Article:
I'm back from a trip that lasted, basically, 32 hours. It was my high school reunion, thirty years.
LAX is a horrible airport. It has all the detractions of LA and none of the city's virtues, which is to say, all heat, all smog, all sprawl, whereas no beach, no cooling morning and evening fog, no surf and no nostalgia. In the petri dish of the Hertz Rental Car lobby (note to self: is it worth it to become a Gold Member?), anger was a-brewin'--there was a long line, about forty-five minutes' worth. When we got to our our agent, however, he was nothing if not helpful, charming, and efficient, including an upgrade when the keys to our economy car were not immediately forthcoming. Hello, Taurus!
However, I was triumphant in navigating from the airport to Redondo Beach. The directions I printed out from the handy Hertz interactive computer said I needed to get on two different freeways, but really, it's just Sepulveda Blvd., which turns into Pacific Coast Hwy., which turns into all the streets that lead to the ocean.
The reunion hotel was just across a skinny little street from our hotel, so we had that going for us, which was good. The 20 year reunion was at the very same place, which is odd, I think, since I didn't go to high school in Redondo Beach. We did have proximity going for us--I went to Rolling Hills High School (we are the Titans, the mighty mighty Titans), on Palos Verdes Peninsula, the hill to the south of Redondo Beach.
As predictable, there were a lot of the usual suspects peopling the reunion--former athletes, homecoming royalty . . .--but that wasn't the whole story. A couple of women (hi there to Debra Millar and Kathy Lewinson! --not their married names, sorry--) had the kindness to say hello to me, and we made one another's acquaintance essentially for the first time, it felt like. We ended up sharing a table for our sorrowfully not wonderful dinner (note to self: the vegetarian meal is almost always abhorrent, but then so was the chicken, according to my table mates). We all agreed at the conclusion of the event that meeting one another again was a real highlight for all of us. Also, Eddie Skinner, with whom I sang in the Madrigals, was there, this time with his lovely wife Linda, bearing pictures of a charming young son. Todd Bishop also sat at our table, he of a great, infectious laugh, on his way with his partner Troy across the country in an RV with four dogs. Finally, I did have the great satisfaction of seeing James Hitt, high school crush (one of the people I hoped to see at the last reunion, though I was denied), and having a very interesting conversation. Basically, I realized that in some ways I'm still exactly the person I was in high school--a little intense, and with a little more knowledge about some stuff.
Which leads me, then, to today, which we spent driving around Palos Verdes. I moved there right before 9th grade, from Tucson, where I'd gone to half of 6th grade and both years of junior high. I was utterly clueless about a SoCal high school. For the first day, I actually had a school dress, as in a dress you buy for the first day of school. It had a sailor collar. I had knee socks. Basically, I was dressed like Sandra Dee for my first day at Sodom and Gomorrah High. I'm pretty sure I'm not over the shock of that, lo these many years hence.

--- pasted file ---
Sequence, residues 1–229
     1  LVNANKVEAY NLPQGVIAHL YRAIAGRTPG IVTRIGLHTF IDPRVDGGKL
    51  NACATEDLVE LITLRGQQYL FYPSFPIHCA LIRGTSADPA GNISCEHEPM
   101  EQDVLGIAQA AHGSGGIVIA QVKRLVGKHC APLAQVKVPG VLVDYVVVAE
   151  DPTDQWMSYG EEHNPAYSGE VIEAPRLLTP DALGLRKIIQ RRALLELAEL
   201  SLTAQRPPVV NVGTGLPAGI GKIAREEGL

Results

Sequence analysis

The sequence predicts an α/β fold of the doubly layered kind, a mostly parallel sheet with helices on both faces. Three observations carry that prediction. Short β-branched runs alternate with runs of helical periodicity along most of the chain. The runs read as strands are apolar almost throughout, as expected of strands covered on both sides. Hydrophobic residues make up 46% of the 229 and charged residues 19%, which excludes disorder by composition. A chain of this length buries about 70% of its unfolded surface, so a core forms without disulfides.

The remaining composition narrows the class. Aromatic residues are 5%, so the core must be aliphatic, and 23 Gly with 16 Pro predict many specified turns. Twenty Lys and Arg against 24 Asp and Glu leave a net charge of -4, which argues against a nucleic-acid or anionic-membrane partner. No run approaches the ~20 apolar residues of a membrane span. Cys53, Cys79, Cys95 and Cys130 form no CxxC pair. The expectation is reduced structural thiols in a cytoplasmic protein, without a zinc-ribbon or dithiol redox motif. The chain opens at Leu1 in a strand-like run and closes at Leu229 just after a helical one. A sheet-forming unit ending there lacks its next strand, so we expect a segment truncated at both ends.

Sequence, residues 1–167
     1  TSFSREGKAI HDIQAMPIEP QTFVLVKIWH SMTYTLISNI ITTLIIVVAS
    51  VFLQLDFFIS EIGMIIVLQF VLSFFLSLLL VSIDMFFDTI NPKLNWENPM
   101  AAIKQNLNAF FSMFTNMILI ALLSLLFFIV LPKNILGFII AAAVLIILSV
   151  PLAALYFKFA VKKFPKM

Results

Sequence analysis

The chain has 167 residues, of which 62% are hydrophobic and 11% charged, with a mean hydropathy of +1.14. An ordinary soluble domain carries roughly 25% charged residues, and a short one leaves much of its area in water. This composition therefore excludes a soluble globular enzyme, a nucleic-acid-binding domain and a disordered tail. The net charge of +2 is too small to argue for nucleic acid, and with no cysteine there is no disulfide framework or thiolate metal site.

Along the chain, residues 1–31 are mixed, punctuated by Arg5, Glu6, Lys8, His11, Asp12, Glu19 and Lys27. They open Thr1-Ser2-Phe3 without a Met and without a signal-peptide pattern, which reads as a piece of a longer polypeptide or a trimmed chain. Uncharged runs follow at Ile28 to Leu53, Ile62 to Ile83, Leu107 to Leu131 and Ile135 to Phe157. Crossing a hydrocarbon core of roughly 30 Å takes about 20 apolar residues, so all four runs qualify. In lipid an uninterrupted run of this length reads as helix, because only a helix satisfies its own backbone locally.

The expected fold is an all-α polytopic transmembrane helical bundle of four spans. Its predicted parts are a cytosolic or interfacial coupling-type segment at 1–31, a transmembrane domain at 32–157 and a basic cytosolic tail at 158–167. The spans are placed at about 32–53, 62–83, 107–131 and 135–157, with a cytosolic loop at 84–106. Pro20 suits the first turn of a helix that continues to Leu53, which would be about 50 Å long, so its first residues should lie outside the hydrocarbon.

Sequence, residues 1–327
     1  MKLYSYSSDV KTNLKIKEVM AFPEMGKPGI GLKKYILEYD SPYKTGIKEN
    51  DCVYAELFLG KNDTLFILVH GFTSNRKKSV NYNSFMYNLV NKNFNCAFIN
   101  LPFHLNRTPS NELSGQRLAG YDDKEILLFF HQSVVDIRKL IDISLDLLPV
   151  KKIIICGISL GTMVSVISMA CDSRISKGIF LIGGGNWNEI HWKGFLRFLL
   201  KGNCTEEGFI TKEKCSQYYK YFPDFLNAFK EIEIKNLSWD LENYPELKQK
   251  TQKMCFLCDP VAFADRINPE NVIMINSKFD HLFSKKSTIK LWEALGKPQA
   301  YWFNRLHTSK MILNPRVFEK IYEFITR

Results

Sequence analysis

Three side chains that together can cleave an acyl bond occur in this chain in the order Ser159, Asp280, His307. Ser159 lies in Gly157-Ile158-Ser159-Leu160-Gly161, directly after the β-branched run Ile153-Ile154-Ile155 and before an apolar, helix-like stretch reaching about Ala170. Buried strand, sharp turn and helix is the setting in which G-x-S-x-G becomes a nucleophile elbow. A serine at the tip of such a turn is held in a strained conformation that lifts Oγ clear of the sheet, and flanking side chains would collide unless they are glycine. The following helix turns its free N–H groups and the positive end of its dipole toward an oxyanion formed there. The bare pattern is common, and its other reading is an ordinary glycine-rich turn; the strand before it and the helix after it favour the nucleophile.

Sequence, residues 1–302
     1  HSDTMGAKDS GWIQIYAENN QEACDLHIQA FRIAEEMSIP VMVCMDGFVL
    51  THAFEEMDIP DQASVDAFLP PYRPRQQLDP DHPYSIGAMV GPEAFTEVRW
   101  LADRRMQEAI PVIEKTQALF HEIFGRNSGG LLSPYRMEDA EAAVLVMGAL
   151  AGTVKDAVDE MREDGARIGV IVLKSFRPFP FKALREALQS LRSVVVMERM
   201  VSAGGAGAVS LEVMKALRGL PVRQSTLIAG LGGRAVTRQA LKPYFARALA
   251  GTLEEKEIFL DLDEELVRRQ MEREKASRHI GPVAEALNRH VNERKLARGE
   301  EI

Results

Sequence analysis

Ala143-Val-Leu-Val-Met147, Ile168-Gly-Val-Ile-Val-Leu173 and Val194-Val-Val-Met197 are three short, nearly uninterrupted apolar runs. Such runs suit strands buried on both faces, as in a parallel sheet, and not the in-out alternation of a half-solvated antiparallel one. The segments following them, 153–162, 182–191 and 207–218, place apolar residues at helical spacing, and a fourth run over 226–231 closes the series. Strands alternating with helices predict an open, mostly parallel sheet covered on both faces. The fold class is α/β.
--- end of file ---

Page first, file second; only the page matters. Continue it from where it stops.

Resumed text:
Last year, I traveled with my best friend--our Reunion Tour--to the area. I realized that, not having grown up there, I lacked the kind of memories and connections to that place that she had. She told me that she and her brother had visited the Malaga Cove Library, and they could still go straight to the books they rememebered checking out as children. That library, for me, would exist on an Air Force Base in Japan--if it's even still there.
What this means, really, is that the location of all my rawest memories--the ones of when you felt like you would break open with feeling and longing and urge, the ones that form your sense of who you are in the world--is a place that feels profoundly strange to me. My husband and I drove around Palos Verdes today, and although it's crowded with affluent people, there's still a wildness to the landscape that still calls to me. But a road I thought certainly led to a house my parents once lived in dead-ended. There were gated neighborhoods I know I've never seen. Lunada Bay Elementary School--who do I know that went there?--had some sort of bells that pealed at noon over the empty schoolyard.
I wish I knew this place better. I realized that I want to know its history, so we bought a book with a sort of florid style that starts with Don somebody in the 1700s, then moves directly to the Sepulveda family. It doesn't, however, tell me what I want to know: where did the field go where Brent Robinson kissed me? How about that beautiful ravine--where is that? And the high school my best friend attended--where is that now?
Cheers to this beautiful and alien place from my past, for which I long and to which I do not, and will never, belong.